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noviembre 24, 2020 2 Lectura mínima

Meditation and mindfulness are growing in popularity year on year with millions of people discovering the potential health benefits. 

Interestingly, there are some neurological studies which demonstrate ways the brain can be physically changed by meditation when practised over a prolonged period of time.

Hare, Built for Athletes looks at five ways meditation changes the brain.

Makes The Amygdala Smaller

The amygdala is a structure at the base of the brain associated with emotions and stress responses. A smaller amygdala tends to suggest a person could have greater emotional control, and research has shown that meditation practice can result in a shrinking of this area of the brain.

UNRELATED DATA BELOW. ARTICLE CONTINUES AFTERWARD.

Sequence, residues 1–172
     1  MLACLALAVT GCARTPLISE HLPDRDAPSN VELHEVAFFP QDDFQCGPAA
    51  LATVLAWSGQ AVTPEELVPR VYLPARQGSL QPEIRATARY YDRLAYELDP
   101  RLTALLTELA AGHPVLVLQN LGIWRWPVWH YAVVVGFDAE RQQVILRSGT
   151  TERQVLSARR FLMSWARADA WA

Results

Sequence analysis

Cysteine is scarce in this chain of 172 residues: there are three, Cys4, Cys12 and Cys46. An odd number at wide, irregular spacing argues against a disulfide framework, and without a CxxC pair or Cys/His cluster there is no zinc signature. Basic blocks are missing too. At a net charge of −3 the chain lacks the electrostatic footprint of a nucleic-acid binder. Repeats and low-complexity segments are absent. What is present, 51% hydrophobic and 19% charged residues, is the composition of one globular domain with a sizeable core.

Enlarges The Prefrontal Cortex

A number of studies suggest that meditating leads to an increase in the number of brain cells in the prefrontal cortex - the area of the brain used for rational decision making. This suggests you can strengthen your mind’s ability by training it just like you can strengthen your body in the gym.

Increases Thickness In The Hippocampus

A study at Harvard found that eight weeks of mindfulness practice increased the thickness of the hippocampus, a conclusion that has been reinforced by other research. The hippocampus is significant because it governs learning and memory.

Reduces The Effects Of Ageing

Meditation has even been shown to protect the brain from ageing in various ways. It is believed to decrease age-related atrophy of the brain’s white matter as well as preserve grey matter.

Boosts Overall Grey Matter

Grey matter contains most of the brain’s neurological cells and meditation appears to boost the total volume of it if practised over many years. The author of one 2015 study which found this to be the case said: "We expected rather small and distinct effects located in some of the regions that had previously been associated with meditating. Instead, what we actually observed was a widespread effect of meditation that encompassed regions throughout the entire brain."


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